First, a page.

The marriage is dead; long live the marriage's signal achievement. Last Friday the announcement came of a final divorce settlement between the Prince and Princess of Wales. Diana gets a generous financial deal and retains several privileges, although not the right to style herself as Her Royal Highness. Charles rids himself of the difficult, crowd-pleasing woman he married in what seems another age. But while Charles and Diana's legal ties are being severed, they are still joined by their children, and whatever their failures as husband and wife, they seem to have made a success of their roles as father and mother. If the Waleses have damaged the monarchy terribly, they may also have provided its salvation in William, the bright, likable prince just emerging into young manhood and just beginning to capture the public's imagination. As the divorce brings one act of the royal drama to an end, another one begins, with a fresh and appealing star.
A lot is riding on the boy who will become King William V. The current generation of royals has been nearly catastrophic. At the time of his wedding in 1981, Charles was expected to update the traditional role of constitutional monarch, while Diana would be the charismatic popular symbol. But largely because of the competitive rancor between the heir to the throne and his wife, public acceptance of the monarchy is considerably weaker today than it was even five years ago. While the institution is not in mortal peril, discussion of a republic has become both vigorous and respectable rather than a left-wing fringe topic. The best possible scenario now is a three-act drama: long, long life to Her Majesty Queen Elizabeth II, who is exemplary; a brief reign for Charles, who might be as old as 70 or so when he ascends the throne; and then the reign of Wills, the crown's last, best hope.
What kind of King might William make? At 14, he is at the age when many boys are trying to decide whether to dye their hair orange or green. But some judgments can be made about him. He is known as an intelligent youngster he passed the test for Eton, a tough prep school and he has poise beyond his years. In her Panorama interview, Diana said of her elder son, "That child is a deep thinker." She pointed out that it will be impossible to know for some time how the Waleses' shenanigans have strengthened or warped Wills' character.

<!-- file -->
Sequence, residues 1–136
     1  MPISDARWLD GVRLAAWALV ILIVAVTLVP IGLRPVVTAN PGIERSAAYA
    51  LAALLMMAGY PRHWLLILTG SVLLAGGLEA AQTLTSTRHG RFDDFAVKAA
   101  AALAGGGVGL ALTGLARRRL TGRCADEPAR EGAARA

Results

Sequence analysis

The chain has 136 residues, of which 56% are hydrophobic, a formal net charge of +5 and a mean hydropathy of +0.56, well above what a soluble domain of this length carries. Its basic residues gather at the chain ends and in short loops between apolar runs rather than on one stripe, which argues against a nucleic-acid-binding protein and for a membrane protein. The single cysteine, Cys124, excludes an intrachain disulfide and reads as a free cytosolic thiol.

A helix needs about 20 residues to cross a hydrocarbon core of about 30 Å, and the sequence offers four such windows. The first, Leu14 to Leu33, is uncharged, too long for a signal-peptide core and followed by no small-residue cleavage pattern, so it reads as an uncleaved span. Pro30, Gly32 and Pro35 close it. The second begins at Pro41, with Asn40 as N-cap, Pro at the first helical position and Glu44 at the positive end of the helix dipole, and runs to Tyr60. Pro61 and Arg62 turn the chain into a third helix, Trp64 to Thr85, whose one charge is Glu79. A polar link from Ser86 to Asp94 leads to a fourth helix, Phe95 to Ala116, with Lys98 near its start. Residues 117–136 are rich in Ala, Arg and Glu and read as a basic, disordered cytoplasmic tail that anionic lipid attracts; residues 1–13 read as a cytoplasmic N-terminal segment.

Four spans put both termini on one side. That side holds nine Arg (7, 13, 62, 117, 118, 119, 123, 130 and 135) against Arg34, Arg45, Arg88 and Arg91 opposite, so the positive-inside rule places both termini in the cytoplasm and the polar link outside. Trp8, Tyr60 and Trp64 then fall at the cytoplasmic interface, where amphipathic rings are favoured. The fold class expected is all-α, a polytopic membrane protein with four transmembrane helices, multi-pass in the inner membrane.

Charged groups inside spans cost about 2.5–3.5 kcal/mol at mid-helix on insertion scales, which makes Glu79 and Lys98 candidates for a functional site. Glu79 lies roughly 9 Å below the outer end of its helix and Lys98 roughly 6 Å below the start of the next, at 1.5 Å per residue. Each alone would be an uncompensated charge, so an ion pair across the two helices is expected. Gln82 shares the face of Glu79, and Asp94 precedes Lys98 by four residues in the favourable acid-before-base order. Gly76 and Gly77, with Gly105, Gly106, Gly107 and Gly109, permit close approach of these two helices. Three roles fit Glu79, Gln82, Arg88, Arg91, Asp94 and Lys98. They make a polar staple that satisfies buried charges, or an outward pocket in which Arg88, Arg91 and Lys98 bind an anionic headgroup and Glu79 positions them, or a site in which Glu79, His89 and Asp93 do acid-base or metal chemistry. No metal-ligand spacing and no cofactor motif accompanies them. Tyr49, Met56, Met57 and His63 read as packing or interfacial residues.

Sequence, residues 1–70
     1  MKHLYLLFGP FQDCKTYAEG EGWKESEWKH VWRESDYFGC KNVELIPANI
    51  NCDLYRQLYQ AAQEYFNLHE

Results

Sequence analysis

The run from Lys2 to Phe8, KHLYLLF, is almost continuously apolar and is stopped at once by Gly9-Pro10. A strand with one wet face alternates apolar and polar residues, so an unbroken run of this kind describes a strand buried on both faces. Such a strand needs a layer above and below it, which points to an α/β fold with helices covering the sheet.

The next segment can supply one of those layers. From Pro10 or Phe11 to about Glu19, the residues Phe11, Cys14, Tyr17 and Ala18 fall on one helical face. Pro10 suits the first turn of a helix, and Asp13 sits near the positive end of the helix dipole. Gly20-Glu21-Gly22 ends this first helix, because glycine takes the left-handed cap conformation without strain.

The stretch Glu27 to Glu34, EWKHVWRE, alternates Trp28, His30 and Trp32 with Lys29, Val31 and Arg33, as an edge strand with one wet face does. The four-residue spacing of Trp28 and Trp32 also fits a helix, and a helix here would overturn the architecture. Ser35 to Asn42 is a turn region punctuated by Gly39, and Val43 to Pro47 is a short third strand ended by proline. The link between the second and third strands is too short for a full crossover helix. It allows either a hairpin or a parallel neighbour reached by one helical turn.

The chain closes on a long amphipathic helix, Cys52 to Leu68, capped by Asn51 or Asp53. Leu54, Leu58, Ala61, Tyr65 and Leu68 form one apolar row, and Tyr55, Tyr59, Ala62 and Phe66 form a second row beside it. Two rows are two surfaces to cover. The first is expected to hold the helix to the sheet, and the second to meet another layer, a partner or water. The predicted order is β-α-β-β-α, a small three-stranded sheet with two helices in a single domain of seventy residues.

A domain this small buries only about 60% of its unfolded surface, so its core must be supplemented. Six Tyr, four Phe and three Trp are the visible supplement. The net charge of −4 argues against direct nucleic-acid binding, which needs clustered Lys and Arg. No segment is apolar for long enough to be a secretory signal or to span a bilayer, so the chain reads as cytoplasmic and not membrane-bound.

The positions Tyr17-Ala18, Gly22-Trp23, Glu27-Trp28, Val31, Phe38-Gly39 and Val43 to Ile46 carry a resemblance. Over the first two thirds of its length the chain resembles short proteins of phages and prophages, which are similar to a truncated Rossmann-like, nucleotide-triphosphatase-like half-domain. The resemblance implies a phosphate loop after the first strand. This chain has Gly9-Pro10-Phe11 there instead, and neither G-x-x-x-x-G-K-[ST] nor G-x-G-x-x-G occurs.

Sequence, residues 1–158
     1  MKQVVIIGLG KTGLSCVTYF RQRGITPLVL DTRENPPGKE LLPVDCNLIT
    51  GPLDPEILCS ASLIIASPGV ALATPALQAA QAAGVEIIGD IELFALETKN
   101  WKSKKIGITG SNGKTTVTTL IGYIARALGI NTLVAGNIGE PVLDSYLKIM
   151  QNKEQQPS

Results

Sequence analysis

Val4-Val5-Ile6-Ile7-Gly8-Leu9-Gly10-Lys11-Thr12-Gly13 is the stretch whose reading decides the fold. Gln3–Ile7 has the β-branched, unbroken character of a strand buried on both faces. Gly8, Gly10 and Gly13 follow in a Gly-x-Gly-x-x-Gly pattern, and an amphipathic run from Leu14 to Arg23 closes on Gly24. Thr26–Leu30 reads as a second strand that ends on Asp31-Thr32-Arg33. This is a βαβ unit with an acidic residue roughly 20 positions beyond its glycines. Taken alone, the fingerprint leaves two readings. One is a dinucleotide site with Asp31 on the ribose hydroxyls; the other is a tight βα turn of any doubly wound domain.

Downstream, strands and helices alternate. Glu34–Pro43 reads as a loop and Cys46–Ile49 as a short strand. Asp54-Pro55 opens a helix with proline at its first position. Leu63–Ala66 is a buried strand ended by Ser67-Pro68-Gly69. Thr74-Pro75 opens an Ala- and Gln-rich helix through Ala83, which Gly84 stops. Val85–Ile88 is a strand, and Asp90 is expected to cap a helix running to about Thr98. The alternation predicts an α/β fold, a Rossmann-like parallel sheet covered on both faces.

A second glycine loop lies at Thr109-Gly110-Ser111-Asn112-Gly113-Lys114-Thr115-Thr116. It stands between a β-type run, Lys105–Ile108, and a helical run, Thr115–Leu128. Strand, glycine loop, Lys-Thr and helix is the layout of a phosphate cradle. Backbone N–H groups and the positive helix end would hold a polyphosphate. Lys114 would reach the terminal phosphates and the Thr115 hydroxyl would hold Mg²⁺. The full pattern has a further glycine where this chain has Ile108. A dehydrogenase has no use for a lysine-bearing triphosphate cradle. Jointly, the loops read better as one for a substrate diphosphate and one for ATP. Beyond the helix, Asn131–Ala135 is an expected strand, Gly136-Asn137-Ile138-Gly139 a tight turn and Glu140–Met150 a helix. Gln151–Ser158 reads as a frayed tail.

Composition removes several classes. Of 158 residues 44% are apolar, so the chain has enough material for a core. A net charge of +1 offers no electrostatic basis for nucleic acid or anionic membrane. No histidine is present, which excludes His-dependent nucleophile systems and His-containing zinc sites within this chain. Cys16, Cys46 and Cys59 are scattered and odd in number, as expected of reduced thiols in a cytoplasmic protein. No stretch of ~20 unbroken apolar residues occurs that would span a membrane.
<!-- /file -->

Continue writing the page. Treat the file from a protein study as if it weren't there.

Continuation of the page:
Life started very well for Wills. His birth was an occasion of national rejoicing; the succession was secure and the perfect family established. Charles was crazy about him. In a burbling letter to a friend he wrote, "He really does look surprisingly appetizing and has sausage fingers just like mine." Dad took over baby-bathing duties enthusiastically, but when the terrible twos struck, the bathroom became a war room. Wills started breaking things, flushing his father's shoes down the toilet, and for the next few years was obstreperous and mouthy.
Back then Charles and Diana were at their best as parents. They were determined not to replicate the cloistered childhood that left Charles forever wary socially and emotionally. When Wills was five and brother Harry three, they were sent to ordinary playgrounds around London. They went to fast-food joints and amusement parks and attended real schools, albeit exclusive ones. Charles had been tutored at home until age eight.
As the fissures in the marriage deepened, it was easy to tell which parent was in charge on a particular day. Diana dressed the boys in baseball caps and jeans. When Charles took over, they wore proper jackets and ties and well-polished shoes. According to her biographer, Sarah Bradford, the Queen regards the sloppy mode as too casual for royal princes and has had words with Diana about it. Grandma does not share Charles and Diana's relaxed approach to molding a future King. Bradford reports that at the Balmoral royal estate in Scotland six years ago, Wills gave his groom the slip and came home early from a riding session. Alarmed at this irregularity, the Queen "tore a strip off him."